It causes itching, irritation and swelling of the vagina and surrounding area, sometimes with a creamy white cottage cheese-like discharge.
Vaginal thrush is fairly harmless, but it can be uncomfortable. It can also keep returning – this is known as recurrent (or complicated) thrush.
In men, it usually affects the head of the penis – causing irritation, discharge and redness.
While any woman can experience a bout of thrush, you’re particularly prone if you:
Preventing Vaginal thrush
- wash your vaginal area with water and avoid using perfumed soaps, shower gels, vaginal deodorants or douches
- use a regular moisturiser (emollient), such as E45 cream, as a soap substitute, then apply a greasier moisturiser to protect the skin. However, be aware that moisturisers can weaken condoms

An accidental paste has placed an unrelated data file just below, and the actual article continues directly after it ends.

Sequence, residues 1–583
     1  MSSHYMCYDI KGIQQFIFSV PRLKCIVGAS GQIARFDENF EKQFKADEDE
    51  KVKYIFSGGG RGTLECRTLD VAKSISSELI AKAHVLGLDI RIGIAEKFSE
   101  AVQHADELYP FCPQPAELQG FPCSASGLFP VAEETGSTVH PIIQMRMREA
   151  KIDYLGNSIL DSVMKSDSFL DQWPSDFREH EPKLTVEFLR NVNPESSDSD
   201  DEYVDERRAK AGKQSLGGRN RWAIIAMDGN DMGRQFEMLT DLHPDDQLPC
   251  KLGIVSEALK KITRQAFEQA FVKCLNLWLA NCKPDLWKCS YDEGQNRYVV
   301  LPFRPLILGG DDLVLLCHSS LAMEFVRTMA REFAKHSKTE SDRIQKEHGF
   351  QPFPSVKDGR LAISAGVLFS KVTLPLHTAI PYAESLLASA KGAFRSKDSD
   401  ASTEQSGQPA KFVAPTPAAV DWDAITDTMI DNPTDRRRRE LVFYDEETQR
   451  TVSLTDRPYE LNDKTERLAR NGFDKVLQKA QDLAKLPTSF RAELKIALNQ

- avoid using latex condoms, spermicidal creams or lubricants if they irritate your genital area
- avoid wearing tight-fitting underwear or tights
- try to discuss any sexual issues with your partner – for example, if you are not relaxed or lubricated enough during sex
How can we help?
Often clients with recurrent thrush have tried various anti-fungal cream, tablets or pessaries. However, thrush just seems to re occur.
We encourage a stool test to establish whether the thrush is systemic, and also to identify the type of candida we are treating. There are many different types of candida and a stool test will indicate how effective natural treatments will be in the process of elimination.
Various antimicrobials and anti-fungals will be advised, as well as an anti -candida diet.
Die off is frequently an issue with clients, and the use of probiotics is also recommended sometimes both orally and vaginally.
Food intolerance testing is useful and avoiding trigger foods important to allow the immune system an opportunity to recover.